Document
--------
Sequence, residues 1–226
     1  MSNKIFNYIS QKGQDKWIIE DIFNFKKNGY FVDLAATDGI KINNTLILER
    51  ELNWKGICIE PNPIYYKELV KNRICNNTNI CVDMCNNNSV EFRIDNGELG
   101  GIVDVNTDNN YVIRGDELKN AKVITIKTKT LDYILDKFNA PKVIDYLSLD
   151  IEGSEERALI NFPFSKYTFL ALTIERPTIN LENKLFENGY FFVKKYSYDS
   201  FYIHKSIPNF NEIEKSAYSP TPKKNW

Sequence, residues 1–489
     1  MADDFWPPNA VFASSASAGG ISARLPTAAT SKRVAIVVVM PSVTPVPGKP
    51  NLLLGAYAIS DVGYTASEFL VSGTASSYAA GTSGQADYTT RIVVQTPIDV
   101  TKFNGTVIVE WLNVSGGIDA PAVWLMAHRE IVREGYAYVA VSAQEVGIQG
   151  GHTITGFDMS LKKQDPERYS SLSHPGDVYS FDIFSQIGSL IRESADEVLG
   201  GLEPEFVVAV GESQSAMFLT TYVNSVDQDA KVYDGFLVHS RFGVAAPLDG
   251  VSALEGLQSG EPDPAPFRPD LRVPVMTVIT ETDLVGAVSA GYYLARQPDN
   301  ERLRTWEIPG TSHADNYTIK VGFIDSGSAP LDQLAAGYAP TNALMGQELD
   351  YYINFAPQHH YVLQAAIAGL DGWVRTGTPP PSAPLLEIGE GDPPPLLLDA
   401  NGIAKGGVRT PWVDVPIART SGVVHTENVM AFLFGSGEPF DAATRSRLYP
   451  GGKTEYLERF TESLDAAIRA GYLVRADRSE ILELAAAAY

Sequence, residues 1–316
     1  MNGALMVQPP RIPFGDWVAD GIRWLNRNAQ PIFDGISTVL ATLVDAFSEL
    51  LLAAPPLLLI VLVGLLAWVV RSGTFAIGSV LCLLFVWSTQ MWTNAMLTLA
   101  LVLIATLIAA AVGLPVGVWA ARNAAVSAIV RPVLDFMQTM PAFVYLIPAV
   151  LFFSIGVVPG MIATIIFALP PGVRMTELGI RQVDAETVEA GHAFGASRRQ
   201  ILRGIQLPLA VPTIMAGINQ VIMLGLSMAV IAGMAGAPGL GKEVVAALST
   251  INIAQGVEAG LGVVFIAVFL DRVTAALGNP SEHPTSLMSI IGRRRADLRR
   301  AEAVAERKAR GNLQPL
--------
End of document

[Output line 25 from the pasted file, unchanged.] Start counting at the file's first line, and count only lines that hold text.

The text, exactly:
   301  AEAVAERKAR GNLQPL